Try these tips for your garden this fall, winter
As colder weather sets in, slowly but surely, here are few things to keep in mind for your fall and winter garden.
Divide your overgrown perennials and cut back the dead foliage on others. Remove any dead roots from the garden and add any disease-free debris to your compost pile.
As you pull out plants and weeds, be mindful of pests and diseases. Double bag and discard diseased plants or foliages. Some diseases and pests overwinter in plant debris – remove them this fall to prevent infection next year.
Not everything in your landscape needs to go. Leave healthy perennials such as purple coneflowers, Black-eyed Susans, sunflowers and grasses; they provide habitat for beneficial insects, food for birds and visual interest for the winter landscape. Flowers that have seeds are great food for the birds, and flowers like daisies or Black-eyed Susan will reseed, and then you have more for the beds.
Lots of plants struggle in severe winter temps. Bring pots inside or group together in a planter in the garden away from the wind. Mulch the bottoms and wrap the pots with fabric. Sometimes I put a layer of newspaper around pots and wrap with burlap. On top of pots add a layer of mulch or weed-free wheat straw. Your bulbs and perennials need protection.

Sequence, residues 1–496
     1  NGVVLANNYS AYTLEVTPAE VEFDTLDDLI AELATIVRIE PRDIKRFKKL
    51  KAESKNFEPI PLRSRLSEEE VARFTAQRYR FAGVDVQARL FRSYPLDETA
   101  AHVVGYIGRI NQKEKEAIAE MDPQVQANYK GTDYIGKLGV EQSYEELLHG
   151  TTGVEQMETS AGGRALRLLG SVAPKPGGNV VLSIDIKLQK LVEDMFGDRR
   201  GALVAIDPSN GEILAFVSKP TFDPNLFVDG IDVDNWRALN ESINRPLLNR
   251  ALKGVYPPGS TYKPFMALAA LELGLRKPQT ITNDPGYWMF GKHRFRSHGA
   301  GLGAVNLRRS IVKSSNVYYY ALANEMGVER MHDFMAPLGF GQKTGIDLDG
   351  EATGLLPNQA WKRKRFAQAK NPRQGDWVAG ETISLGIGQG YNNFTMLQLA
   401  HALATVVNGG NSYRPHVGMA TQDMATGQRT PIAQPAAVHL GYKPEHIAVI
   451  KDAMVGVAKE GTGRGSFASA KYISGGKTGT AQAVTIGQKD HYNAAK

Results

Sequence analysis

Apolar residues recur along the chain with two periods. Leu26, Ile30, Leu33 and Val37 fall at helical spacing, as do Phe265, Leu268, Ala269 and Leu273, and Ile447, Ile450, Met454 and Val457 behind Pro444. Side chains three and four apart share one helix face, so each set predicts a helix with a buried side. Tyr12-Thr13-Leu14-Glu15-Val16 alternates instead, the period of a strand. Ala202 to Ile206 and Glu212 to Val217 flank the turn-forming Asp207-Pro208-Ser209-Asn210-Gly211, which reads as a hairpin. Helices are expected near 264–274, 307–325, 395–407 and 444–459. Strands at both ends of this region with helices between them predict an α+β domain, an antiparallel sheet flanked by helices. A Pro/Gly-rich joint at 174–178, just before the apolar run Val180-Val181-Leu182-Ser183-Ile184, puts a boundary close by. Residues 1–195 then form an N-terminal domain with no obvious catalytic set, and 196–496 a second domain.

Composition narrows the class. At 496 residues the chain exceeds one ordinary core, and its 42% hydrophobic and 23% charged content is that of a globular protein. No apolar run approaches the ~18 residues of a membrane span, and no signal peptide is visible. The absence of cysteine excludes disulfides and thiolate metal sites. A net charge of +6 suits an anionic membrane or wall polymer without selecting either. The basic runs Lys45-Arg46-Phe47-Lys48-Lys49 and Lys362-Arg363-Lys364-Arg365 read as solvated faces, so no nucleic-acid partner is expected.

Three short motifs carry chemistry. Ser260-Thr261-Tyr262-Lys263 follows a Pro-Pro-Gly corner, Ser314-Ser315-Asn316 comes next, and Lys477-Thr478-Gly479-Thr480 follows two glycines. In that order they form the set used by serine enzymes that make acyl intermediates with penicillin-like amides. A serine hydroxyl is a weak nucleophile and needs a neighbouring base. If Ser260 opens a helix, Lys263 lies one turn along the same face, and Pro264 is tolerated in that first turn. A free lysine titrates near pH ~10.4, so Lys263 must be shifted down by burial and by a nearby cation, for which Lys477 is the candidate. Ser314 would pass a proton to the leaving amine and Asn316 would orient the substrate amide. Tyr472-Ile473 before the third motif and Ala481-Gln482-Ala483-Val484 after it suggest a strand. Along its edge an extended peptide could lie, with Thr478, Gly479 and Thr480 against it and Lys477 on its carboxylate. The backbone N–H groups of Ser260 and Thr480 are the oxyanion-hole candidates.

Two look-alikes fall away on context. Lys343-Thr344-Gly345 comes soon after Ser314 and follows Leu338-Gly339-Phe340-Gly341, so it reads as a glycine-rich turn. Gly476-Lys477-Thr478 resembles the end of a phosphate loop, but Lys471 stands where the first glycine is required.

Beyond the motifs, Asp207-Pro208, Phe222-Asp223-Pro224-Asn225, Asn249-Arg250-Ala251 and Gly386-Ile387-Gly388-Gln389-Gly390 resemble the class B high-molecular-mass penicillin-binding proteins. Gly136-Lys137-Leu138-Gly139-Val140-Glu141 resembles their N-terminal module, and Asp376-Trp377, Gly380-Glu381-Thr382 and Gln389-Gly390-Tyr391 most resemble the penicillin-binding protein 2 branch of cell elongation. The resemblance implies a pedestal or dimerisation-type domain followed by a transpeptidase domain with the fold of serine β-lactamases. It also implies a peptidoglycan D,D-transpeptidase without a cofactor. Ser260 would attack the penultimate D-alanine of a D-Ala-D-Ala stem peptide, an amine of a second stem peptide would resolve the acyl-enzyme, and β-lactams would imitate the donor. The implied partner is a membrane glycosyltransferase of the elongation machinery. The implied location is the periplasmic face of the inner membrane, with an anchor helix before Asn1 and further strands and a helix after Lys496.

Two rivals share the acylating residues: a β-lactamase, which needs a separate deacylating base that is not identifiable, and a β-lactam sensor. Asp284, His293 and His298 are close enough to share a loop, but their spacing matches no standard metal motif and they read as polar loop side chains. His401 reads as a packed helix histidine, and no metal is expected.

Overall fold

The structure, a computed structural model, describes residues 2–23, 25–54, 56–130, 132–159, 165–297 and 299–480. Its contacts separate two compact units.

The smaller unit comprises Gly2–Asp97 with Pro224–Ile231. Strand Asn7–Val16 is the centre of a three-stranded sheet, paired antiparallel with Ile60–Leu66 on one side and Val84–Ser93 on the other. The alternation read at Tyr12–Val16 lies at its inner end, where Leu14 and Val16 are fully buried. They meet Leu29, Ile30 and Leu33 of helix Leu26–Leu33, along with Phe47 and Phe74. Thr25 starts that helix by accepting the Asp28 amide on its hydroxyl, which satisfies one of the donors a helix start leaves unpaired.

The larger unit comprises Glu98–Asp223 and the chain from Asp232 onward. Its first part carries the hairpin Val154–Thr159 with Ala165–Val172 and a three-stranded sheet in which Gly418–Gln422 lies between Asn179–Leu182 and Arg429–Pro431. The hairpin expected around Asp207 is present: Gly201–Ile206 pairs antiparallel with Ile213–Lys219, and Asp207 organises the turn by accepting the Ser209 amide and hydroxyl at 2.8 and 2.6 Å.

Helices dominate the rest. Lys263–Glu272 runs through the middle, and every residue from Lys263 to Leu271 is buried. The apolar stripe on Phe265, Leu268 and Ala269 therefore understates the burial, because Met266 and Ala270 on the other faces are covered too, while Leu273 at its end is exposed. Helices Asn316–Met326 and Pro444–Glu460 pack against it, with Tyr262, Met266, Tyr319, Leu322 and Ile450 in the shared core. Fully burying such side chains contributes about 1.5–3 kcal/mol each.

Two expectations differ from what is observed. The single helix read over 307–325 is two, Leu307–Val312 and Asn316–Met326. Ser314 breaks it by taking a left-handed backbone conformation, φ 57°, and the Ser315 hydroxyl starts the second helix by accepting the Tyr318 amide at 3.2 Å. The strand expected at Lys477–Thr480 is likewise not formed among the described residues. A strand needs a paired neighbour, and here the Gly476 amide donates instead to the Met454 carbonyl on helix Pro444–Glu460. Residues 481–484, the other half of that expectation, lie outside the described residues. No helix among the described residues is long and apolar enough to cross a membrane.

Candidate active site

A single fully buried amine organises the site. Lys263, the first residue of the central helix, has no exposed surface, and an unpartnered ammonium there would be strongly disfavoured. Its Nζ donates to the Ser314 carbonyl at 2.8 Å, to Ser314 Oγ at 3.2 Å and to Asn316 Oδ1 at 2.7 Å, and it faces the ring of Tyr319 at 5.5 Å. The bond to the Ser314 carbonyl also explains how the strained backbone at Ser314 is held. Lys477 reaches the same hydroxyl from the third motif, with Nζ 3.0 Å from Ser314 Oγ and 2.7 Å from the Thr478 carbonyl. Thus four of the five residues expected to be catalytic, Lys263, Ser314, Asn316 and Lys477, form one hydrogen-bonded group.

Sometimes our winters here are milder, and you do not have the hard freeze and thawing, so plants make it longer now than they did years ago.
Fall is a great time for planting trees, shrubs, perennials and bulbs. Simply make sure you get them in the ground before the soil gets too cold so the roots have time to become established.
Hostas, peonies and early bloomers such as coral bells, phlox, poppies, and daisies benefit from being thinned out.
Now is the time to use your organic matter in your vegetable garden. You can sow a row crop to enrich the soil.
Of course, before you pack up your garden hose for the winter, be sure to drain it and use a cloth to remove any mud or moisture, then store in a flat, dry place.
Daffodils, hyacinths, crocuses and tulips are welcome sights for the winter-weary. If you ever looked at a swath of colorful spring bulbs with envy, plant a bed of your own that will give you joy. It is best to group in colors, unless you are doing a huge bed of assorted colors. Choose colors that bring joy when you look out into your bed or you are having coffee walking in the garden early or late in the afternoon.
While buying your bulbs, give them a good once-over. Make sure they are firm, and avoid bulbs with a mushy or moldy spots. Choose the largest bulbs in the variety, as those tend to be reliable bloomers.
Check packaging for specific planting instructions. If unsure, dig a hole that’s two to three times deeper than the bulb’s height – for example, plant a 2-inch bulb a full 6 inches in the soil. A bulb auger is ideal for this if you plan a bevy this fall. Break up any clumps, remove rocks and weeds and improve drainage and overall quality by mixing in organic matter, such as compost or peat mix. Sometimes the easiest way to do this is to dig one big hole and plant bulbs point up.
Enjoy your garden.